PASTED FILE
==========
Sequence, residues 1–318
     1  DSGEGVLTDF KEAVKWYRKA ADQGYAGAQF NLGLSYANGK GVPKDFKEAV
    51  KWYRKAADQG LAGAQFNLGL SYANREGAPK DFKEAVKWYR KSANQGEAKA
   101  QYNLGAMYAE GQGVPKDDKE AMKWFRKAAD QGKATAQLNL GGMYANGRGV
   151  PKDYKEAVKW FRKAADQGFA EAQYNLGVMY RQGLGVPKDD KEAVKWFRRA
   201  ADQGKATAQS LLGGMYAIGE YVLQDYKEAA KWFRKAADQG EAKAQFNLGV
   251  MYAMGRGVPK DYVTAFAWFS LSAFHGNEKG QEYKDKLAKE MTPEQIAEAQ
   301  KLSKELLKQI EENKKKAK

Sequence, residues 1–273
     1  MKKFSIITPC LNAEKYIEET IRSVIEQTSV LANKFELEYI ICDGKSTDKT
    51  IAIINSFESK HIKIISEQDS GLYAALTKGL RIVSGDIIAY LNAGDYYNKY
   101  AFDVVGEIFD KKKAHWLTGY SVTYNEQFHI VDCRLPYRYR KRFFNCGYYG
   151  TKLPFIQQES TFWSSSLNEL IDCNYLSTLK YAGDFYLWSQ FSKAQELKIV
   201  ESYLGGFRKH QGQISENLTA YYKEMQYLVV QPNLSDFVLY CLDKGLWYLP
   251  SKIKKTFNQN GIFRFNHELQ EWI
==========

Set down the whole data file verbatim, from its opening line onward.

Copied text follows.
Sequence, residues 1–318
     1  DSGEGVLTDF KEAVKWYRKA ADQGYAGAQF NLGLSYANGK GVPKDFKEAV
    51  KWYRKAADQG LAGAQFNLGL SYANREGAPK DFKEAVKWYR KSANQGEAKA
   101  QYNLGAMYAE GQGVPKDDKE AMKWFRKAAD QGKATAQLNL GGMYANGRGV
   151  PKDYKEAVKW FRKAADQGFA EAQYNLGVMY RQGLGVPKDD KEAVKWFRRA
   201  ADQGKATAQS LLGGMYAIGE YVLQDYKEAA KWFRKAADQG EAKAQFNLGV
   251  MYAMGRGVPK DYVTAFAWFS LSAFHGNEKG QEYKDKLAKE MTPEQIAEAQ
   301  KLSKELLKQI EENKKKAK

Sequence, residues 1–273
     1  MKKFSIITPC LNAEKYIEET IRSVIEQTSV LANKFELEYI ICDGKSTDKT
    51  IAIINSFESK HIKIISEQDS GLYAALTKGL RIVSGDIIAY LNAGDYYNKY
   101  AFDVVGEIFD KKKAHWLTGY SVTYNEQFHI VDCRLPYRYR KRFFNCGYYG
   151  TKLPFIQQES TFWSSSLNEL IDCNYLSTLK YAGDFYLWSQ FSKAQELKIV
   201  ESYLGGFRKH QGQISENLTA YYKEMQYLVV QPNLSDFVLY CLDKGLWYLP
   251  SKIKKTFNQN GIFRFNHELQ EWI